New signings Santi Cazorla, Lukas Podolski and Olivier Giroud were supposed to address the inherent problems in the team and mark the first step into a new era of footballing supremacy for the Gunners; instead, the club seems to have taken two steps back and have lost the backing of a majority of their very own supporters after a series of underwhelming performances and results.
Morale is at an all-time low at the Emirates Stadium. The poisonous atmosphere permeating the stands is choking, and the home advantage that Arsenal have in the first-leg of the tie may prove to be their undoing instead.
Sure, there is genuine talent within this team. Jack Wilshere and Santi Cazorla are two of the most gifted players the club have ever had, but for far too long have both of them had to shoulder the burden of carrying the deadweight dragging them down.
The Gunners' loss to Blackburn in the FA Cup only served to show that players like Gervinho and Abou Diaby are simply not up to the mark. Giroud may have had some success playing as a target man so far, but unlike his predecessors Robin Van Persie and Thierry Henry, the former Montpellier player cannot lead the line on his own and requires someone to play off him in order to be truly effective.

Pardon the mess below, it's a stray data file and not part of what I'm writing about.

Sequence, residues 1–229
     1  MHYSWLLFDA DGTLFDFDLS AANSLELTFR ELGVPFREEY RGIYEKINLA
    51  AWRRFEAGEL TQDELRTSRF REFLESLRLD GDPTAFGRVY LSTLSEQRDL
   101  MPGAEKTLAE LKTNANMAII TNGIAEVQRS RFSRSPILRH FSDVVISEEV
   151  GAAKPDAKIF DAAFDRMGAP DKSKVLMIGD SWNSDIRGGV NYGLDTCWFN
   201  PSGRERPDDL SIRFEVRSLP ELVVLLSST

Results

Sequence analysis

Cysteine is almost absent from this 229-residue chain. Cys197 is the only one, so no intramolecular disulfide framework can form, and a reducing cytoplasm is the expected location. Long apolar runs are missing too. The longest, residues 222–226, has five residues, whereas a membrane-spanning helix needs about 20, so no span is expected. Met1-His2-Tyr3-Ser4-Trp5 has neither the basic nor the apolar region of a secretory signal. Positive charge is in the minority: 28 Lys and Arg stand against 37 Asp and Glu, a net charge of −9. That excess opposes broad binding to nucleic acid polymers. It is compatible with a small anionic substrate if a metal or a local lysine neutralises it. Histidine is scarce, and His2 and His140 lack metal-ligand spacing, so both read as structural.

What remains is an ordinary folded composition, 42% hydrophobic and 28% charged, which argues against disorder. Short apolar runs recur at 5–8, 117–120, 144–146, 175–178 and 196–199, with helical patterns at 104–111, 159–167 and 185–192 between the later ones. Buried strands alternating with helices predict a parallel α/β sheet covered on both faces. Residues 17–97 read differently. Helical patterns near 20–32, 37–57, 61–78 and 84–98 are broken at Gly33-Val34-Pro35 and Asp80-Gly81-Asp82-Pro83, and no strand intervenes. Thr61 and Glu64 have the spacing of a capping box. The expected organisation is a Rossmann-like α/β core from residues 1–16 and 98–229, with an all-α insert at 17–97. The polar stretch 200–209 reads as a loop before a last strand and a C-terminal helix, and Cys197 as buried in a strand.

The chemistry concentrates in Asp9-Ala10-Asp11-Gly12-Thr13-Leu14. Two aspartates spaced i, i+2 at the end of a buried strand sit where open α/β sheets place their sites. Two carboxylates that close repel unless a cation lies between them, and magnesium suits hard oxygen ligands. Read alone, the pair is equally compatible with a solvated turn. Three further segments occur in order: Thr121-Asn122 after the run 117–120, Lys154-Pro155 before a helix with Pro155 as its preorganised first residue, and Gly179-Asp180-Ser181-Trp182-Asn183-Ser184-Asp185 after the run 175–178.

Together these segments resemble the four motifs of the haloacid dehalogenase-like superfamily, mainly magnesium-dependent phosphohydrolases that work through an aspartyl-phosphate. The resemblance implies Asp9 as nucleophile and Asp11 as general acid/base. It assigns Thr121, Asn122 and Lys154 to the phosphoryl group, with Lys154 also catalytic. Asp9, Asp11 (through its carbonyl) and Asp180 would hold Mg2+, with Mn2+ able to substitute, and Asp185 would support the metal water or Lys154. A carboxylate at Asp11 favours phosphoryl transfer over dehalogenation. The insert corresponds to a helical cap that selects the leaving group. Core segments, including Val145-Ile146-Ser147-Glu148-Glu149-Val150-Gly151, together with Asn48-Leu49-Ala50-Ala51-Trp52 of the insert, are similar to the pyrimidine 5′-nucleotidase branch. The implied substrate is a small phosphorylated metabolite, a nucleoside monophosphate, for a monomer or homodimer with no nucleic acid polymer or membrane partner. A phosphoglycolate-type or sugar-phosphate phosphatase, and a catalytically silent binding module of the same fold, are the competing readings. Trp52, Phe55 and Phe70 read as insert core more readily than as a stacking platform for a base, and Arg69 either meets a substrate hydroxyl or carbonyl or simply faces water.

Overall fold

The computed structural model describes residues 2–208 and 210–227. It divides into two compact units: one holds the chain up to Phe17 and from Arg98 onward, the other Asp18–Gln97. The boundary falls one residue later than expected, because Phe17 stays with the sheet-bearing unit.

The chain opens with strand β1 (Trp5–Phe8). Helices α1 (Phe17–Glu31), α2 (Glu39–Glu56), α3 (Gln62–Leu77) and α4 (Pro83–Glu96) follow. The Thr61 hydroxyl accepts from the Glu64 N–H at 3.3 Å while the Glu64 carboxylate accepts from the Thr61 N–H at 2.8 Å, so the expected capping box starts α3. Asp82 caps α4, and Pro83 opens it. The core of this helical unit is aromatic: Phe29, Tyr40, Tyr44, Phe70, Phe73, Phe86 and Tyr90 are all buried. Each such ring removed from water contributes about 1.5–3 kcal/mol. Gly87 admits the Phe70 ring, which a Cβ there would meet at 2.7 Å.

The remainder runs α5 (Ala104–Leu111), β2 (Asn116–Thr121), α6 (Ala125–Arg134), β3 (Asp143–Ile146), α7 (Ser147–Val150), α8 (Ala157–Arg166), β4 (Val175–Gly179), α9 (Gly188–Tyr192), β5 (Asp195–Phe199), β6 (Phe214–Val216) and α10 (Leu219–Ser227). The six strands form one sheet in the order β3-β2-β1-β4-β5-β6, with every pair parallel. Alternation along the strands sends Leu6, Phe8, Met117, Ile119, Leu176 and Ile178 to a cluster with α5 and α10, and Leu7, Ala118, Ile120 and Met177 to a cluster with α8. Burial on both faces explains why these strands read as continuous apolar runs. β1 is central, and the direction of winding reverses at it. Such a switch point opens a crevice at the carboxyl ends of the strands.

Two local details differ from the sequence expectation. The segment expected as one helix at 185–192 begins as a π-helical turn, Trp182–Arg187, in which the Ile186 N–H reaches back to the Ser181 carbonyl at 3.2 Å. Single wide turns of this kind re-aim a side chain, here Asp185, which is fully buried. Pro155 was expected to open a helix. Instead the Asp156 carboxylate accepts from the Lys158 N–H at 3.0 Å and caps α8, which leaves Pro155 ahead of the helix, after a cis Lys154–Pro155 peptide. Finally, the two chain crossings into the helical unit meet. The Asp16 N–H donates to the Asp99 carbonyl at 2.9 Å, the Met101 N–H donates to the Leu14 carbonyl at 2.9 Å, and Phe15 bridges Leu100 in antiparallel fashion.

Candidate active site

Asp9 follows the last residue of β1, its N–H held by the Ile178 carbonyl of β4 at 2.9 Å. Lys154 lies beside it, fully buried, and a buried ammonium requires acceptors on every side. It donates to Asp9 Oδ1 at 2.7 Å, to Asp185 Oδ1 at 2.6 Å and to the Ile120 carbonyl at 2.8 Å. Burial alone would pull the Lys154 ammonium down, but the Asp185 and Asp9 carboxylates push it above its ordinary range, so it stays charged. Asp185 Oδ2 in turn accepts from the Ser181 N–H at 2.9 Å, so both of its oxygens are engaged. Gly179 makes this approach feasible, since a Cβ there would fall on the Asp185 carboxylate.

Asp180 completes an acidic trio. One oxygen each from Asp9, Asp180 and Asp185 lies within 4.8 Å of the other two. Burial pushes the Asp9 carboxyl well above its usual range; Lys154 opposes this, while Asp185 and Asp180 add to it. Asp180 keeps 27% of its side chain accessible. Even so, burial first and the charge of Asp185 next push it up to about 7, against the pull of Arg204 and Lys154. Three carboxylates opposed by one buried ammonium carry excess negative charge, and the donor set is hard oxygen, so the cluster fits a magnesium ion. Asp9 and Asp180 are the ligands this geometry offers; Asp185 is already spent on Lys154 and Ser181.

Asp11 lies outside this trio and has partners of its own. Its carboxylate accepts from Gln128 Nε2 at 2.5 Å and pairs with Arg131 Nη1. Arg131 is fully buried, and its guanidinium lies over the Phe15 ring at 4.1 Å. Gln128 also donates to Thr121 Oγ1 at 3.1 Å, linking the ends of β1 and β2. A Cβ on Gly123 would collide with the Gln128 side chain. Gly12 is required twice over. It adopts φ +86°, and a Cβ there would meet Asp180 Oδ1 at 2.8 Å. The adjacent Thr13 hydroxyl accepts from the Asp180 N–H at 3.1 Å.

Alex Oxlade-Chamberlain has suffered a dip in form, Wojciech Szczesny is hardly the unwavering force in goal he was once touted to be, Lukas Podolski and Theo Walcott blow hot and cold with an ironic consistency, Per Mertesacker has been prone to lapses of concentration, and Thomas Vermaelen cannot seem to cut out the basic errors which have plagued his game this season.
Wenger has been pinpointed as the figurehead for the club's current malaise, and not without good reason. The Frenchman's contributions to the club and to English football itself cannot be dismissed so easily, but he seems to have lost the plot in recent times and appears unable to inspire his troops anymore. Yes, there certainly still is a burning desire within Wenger to achieve success (in particular, winning the elusive Champions League) with Arsenal, but whether he simply has run out of ideas how to do so or for some other underlying reason, it does appear that the 63-year-old has brought the club as far as he can.